However, if credit is approved, the customer may then be queried for various options or inputs at step 76. One such option may be whether the customer requires an instruction sheet to be printed describing the operation of the mobile unit, whether the customer desires an automatic reminder telephone call to recharge the unit with a charger supplied with the mobile unit, whether the customer intends to rent the unit more than twenty-four hours, whether he intends to return it at a dispensing location other than the one from which it was dispensed, or whether the customer desires call forwarding from a customer designated number to the dispensed unit. In such instances insertion of passwards or other security measures may be required, not reflected in FIG. 3, to insure only authorized diversion of telephone communication.
After any particular details unique to the transaction have been input at step 76, an initial rental agreement or instructions may be printed, if desired, at step 78 and delivered through printer 34 to the customer. A fully charged, and pretested telephone, held in inventory, is selected at step 80 and dispensed at step 82. Step 82 also includes internal inventory control steps undertaken to keep track of dispensed units, inventory staus, and customer transaction histories. Vending unit 10 then returns to its WAIT condition at step 74.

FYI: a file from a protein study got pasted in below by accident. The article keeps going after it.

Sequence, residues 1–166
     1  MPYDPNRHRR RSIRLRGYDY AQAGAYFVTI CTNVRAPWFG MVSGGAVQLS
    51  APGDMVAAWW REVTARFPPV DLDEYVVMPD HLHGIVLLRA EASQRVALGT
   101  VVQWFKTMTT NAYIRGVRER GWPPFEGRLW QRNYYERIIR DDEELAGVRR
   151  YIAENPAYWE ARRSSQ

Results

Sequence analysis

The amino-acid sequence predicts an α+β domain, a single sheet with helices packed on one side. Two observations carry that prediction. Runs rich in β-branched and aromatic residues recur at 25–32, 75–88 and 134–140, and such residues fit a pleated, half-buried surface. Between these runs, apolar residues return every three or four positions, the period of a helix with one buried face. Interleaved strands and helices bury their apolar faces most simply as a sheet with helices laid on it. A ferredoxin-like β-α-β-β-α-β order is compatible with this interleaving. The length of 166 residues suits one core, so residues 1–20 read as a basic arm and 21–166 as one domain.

FIG. 4 illustrates the operational steps which are performed by vending unit 10 when the telephone is returned by the customer and the final billing generated. Once again, vending unit 10 begins from its WAIT condition at step 74. The transaction is initiated as before at the step 62 by pressing a button on keyboard 39. Again, as before, a prompt occurs on monitor 36 which, among other things, inquires whether or not the customer is desiring to return a phone or to obtain a phone. If the customer is returning a phone, he is prompted at step 83 through monitor 36 whether to insert his credit card at step 84 or simply charge the rental costs to the initially entered credit card account.